- Should we as a Federation (either a stand alone or with partners) start a project to provide girls with appropriate technology to learn on-line? Some years ago SIGBI looked at a partnership with WAGGS. Is it worth re-visiting?
Nisha said that the Programme Action Officer in her Club was putting together a paper on digital education that she would share with members when available.
2. Has the current pandemic damaged WHO credibility as guardians of Global Health or has it enhanced its reputation?
WHO are doing their best to ensure that innoculations will be available in all countries, and to increase collaboration across the whole world, but currently countries are locking down and becoming more insular. The only way to get to the end of this pandemic is for countries to work together, and the actions of some countries in working on their own, locking their borders and not sharing is not going to help. The rich countries need to help the poor countries, and the rich people in both rich countries and poor countries need to help the poor people everywhere, because unless we share, we will be sharing the virus forever. Kay recommended that people should follow the advice issued by WHO which was the most consistent.
3. How can Soroptimists influence government policy decisions, as many of these proposals being presented suggest? In our advocacy work we set limitations on what we can do. Has the time come to get involved at a different, and more effective level in our advocacy activities?
We could be much more effective in our advocacy. SIGBI will be looking for a panel to address the issue of advocating on contentious and sensitive issues.
4. Given the latest tragic loss of a migrant family trying to get from France to England and our work on Human Trafficking – does FPAC/SIGBI have a stance on how things could be improved and how Soroptimists can help?
UKPAC sit with the Human Trafficking Forum, and lots of Clubs work with their local Human Trafficking/Modern Day Slavery networks to try to have influence. A couple of years ago a survey was conducted on the general public’s knowledge of Human Trafficking and Modern Day Slavery, and we do have access to training materials from the University of Nottingham about how to raise awareness. The UK has laws in place to help migrants and asylum seekers, some of which are not being adhered to at the moment, so Soroptimists have a role to play in lobbying to ensure that the laws which do exist are upheld, and also in raising awareness in our communities of the signs of Modern Day Slavery so that the appropriate local authorities can be alerted. In the case of unaccompanied children, perhaps Soroptimists could volunteer to be “proxy Grandparents” to help them get appropriate guardianship, although safeguarding issues would need to be considered.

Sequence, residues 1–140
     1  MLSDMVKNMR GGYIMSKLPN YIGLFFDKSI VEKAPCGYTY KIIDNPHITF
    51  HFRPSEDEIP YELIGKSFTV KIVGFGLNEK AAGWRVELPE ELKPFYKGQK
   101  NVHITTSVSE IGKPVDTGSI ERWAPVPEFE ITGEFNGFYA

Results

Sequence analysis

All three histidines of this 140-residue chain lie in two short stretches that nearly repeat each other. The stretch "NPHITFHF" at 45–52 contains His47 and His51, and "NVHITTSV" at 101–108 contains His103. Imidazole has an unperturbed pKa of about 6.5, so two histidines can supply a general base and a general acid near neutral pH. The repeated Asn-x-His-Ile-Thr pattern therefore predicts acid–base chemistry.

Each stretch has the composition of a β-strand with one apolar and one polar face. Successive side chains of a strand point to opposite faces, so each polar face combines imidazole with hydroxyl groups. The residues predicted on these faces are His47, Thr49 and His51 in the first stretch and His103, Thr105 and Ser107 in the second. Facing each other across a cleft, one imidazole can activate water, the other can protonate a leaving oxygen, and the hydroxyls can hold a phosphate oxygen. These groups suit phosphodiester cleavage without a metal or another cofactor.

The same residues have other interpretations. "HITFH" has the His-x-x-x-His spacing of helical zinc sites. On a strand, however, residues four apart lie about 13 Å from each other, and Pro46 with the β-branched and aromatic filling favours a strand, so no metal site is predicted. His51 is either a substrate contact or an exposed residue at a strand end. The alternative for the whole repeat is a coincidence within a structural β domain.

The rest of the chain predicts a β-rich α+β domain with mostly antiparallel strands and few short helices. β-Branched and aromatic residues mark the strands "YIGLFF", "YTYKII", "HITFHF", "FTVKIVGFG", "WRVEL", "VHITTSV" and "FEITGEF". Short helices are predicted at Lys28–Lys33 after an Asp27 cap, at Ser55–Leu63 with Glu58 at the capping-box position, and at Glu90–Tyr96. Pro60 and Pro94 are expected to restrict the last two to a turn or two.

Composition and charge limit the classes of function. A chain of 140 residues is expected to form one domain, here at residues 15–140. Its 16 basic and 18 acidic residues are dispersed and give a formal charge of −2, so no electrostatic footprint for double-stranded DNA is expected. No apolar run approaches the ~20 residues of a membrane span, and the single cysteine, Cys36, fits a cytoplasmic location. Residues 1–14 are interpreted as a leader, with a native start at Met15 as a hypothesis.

5. Does this all have to be UN, WHO or State led? What can we do at Club level?
The work we do is local, but Clubs should understand that every bit of work done gets reported on the database, and goes upwards to the SI UN Representatives. It’s important we educate ourselves on the UN, and that activities are reported on the SIGBI Database. It had been noticed that a project undertaken by a SIGBI Club had been picked up by SI and included in an SI report to the UN. Local projects are also important for attracting new members. Different things attract different people – some may just want to do local projects, others may like the international aspect. Make sure that members read the SIGBI News Briefings as there are lots of ideas in them that can be replicated. The most important thing is that every Soroptimist does something, it doesn’t matter what or how much they do. Collectively, a lot can be achieved.
Incoming President Johanna Raffan thanked Kay for an excellent session, and reiterated that our work with women and girls must remain at the forefront of what we do. Girls are affected much more by the COVID-19 pandemic and education must be a priority for Soroptimists.
A Moving forward to 2021 presentation concluded the meeting.
Comments posted in the Networking Room were very positive, congratulating Kay and the Programme Team on a professional, clear and excellently paced meeting. Well done to all concerned.